shudder parent power is SO overrated. Its petty politics at work, the worst kind, I have always found the idea of these idyllic communities of the past that som long for creepy- I prefer not to know my neighbours- why should I be friends who the only thing I have in common with is that they live on the same street?

"Trust schools will be able to set their own admissions, curriculum and teachers' pay and conditions, and will, controversially, be able to set these outside of national guidelines where they can prove that the measures will improve standards"

NO. Just no. Yes, the national curriculum IS flawed, but allowing individual schools to decide which bits they want is NOT the solution at all....

Sigh... and our alternative is David Cameroon.

Wednesday, October 12, 2005

Federal Anti-Terrorism Is To Push More Paper?

After the launch of a large-scale security lockdown in the New York subway last week, U.S. intelligence and counterterrorism officials now claim the terrorist threat may have been a hoax. A voluntary source in Baghdad described a terrorist conspiracy where 20 bombers would set off 19 bombs during last weekend in the New York subway system using bomb-laden suitcases, baby strollers and other items to escape detection. New York Mayor Michael R. Bloomberg described this information as the "most specific threat" ever received against the city's transit system. But this never came to pass. Despite the heightened security on the subway with special police units and National Guard, nothing was found, and in Baghdad, US authorities had "lost" the original informant.

NYPD tightens security

In common government fashion since Katrina, the federal authorities blame the local authorities for the situation. Department of Homeland Security spokesman Russ Knocke, who called the threat "noncredible" last week, had this cryptic message:
The intelligence community has not found any evidence to substantiate the threat information.
The president Bush's response was equally avoiding:
Our job is to gather intelligence and pass it on to local authorities. And they make the judgments necessary to respond. . .The American people have got to know that, one, we're collecting information and sharing it with local authorities on a timely basis. And that's important.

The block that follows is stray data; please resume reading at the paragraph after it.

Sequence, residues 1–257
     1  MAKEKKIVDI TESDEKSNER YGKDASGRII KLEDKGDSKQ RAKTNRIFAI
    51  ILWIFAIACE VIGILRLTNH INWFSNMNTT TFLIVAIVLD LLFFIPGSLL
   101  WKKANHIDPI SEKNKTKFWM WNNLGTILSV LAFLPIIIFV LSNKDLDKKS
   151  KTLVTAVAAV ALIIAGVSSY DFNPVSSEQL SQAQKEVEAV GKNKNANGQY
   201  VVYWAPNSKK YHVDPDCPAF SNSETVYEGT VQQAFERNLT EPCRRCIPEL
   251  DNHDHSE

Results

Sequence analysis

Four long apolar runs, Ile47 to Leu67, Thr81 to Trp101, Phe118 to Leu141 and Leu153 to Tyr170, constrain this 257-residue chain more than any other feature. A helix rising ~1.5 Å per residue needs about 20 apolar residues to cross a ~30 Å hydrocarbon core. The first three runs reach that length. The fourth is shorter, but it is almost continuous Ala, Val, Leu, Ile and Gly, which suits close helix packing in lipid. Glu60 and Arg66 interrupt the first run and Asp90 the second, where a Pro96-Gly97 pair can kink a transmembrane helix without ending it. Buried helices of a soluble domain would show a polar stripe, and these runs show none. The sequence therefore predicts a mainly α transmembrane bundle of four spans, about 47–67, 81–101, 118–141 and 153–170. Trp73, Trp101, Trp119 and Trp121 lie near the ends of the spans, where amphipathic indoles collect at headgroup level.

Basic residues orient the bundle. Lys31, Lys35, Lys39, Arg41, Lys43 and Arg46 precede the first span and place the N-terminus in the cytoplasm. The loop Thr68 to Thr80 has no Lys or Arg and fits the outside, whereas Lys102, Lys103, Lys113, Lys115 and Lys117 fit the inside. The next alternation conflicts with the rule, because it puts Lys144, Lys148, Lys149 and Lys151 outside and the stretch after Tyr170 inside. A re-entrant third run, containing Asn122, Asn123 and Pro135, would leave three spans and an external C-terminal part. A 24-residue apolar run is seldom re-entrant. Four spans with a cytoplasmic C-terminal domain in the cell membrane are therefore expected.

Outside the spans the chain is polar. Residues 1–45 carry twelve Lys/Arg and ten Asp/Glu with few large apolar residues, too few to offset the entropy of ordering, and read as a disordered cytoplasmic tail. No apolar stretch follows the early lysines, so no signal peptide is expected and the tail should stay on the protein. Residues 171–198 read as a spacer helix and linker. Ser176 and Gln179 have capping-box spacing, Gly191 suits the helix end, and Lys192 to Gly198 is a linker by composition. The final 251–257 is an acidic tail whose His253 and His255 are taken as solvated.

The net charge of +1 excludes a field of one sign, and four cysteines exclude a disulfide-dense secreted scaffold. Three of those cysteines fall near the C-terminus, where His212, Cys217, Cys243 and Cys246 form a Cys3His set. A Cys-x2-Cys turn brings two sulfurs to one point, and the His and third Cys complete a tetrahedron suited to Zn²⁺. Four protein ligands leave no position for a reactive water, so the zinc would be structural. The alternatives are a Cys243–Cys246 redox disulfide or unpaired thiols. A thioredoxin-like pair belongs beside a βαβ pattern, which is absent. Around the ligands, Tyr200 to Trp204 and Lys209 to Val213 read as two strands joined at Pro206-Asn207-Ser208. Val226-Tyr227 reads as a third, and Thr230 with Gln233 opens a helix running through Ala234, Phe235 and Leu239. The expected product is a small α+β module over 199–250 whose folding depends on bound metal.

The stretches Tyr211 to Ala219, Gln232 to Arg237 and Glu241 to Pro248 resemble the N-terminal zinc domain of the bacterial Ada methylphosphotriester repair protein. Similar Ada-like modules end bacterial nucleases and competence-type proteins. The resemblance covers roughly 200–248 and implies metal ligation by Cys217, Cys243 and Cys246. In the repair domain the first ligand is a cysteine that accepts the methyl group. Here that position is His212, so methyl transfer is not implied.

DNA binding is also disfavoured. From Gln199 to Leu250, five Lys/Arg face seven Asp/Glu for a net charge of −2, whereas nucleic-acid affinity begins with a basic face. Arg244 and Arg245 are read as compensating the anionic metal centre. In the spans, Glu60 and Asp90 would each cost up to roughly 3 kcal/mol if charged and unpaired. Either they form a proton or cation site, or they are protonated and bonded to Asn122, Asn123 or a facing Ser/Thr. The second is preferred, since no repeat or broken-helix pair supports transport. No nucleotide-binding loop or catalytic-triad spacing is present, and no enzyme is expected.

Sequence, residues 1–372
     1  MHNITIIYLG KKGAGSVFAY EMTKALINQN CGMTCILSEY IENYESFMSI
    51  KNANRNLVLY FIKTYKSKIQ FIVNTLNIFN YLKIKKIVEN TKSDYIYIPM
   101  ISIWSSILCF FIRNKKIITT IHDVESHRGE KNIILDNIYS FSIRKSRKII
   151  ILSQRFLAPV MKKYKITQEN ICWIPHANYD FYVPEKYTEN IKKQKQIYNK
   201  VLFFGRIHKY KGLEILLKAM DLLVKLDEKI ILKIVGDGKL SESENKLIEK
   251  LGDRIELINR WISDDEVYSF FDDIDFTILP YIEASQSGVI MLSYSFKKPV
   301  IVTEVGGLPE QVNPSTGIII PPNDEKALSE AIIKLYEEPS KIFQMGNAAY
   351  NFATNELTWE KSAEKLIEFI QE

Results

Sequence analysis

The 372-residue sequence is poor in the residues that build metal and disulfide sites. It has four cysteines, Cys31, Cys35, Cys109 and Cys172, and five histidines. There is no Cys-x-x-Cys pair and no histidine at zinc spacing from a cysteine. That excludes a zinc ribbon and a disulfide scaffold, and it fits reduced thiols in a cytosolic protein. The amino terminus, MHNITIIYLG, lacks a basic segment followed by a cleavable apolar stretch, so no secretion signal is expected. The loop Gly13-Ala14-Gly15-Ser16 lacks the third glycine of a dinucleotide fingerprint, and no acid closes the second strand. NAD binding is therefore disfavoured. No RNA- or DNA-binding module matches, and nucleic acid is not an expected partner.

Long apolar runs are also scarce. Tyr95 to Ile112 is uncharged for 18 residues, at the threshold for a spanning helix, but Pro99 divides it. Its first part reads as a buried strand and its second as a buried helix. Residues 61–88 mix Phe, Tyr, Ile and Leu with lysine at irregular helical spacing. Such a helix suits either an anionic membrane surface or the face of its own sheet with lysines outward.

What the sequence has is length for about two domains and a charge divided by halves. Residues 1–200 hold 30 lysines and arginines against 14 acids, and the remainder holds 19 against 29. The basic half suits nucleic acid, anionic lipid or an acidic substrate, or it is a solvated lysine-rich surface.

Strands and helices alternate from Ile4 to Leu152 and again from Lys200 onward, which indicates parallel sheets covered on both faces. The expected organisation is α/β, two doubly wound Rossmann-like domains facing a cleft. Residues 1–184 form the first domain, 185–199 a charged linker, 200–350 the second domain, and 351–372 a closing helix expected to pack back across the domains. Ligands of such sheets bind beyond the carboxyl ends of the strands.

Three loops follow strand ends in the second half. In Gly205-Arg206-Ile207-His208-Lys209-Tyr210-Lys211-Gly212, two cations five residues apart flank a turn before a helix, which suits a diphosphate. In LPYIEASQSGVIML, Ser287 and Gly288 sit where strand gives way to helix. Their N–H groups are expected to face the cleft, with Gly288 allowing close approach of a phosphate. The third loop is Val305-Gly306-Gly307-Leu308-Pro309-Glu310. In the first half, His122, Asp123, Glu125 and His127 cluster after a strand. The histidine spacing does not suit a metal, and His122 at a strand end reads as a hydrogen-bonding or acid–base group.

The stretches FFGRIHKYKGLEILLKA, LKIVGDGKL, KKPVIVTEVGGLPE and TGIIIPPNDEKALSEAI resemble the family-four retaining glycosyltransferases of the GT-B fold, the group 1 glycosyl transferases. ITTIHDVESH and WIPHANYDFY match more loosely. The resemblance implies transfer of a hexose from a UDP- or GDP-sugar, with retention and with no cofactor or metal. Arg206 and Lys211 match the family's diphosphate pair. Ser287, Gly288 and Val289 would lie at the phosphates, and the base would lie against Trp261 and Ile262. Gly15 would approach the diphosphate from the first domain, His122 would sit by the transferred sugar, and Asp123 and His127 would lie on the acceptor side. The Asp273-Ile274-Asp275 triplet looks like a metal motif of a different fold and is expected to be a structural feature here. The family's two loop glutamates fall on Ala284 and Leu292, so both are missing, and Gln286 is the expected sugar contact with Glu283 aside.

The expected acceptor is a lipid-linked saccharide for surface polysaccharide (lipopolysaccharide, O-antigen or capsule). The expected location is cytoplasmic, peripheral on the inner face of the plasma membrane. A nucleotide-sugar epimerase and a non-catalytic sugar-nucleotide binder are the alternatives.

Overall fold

Needless to say, this prompted some well-found frustration from Micheal Goodwin, who had this to write:
There you have it - the gazillions we spend on security only pay for bureaucrats to push paper. Whatever happens after that, it's not their problem.

This is nuts. And it adds to cynicism about efforts to fight the real problem of terrorism.

Bloomberg and top cop Ray Kelly did right in taking the threat seriously, but their performance had holes, too. They provided few details at their Thursday announcement, yet within minutes, press reports quoting anonymous sources cited potential bombs in baby carriages and the number of alleged plotters. If Bloomberg and Kelly wanted such details out, they should have announced them so all New Yorkers could be informed. As it was, the inconsistent articles and broadcasts added to the confusion and fear.
I have explored this issue many times, believing that the whole "national security" ploy is really just a political platform to run on and beat your opponents with it.

I do not have a lot of answers, but creating more government bureaucracy shouldn't even be on the table. If anything, the government needs to break down the walls between the federal and local authorities and streamline communications by reducing red-tape. The first step is installing standardization and interoperability requirements, agreeing on shared information policies and allowing the agencies themselves work out the details. No government bureaucrat is going tell the FBI, CIA or other intelligence agency how to run. They must undertake this task by themselves. There must be a sound third-party that does verify the changes are occurring, of course. But no Intelligence Czar is going to accomplish all of this.

Beyond that, I am not sure what would be next. But if we should be so lucky to get beyond that simple sticking point: reliable and interoperable communication.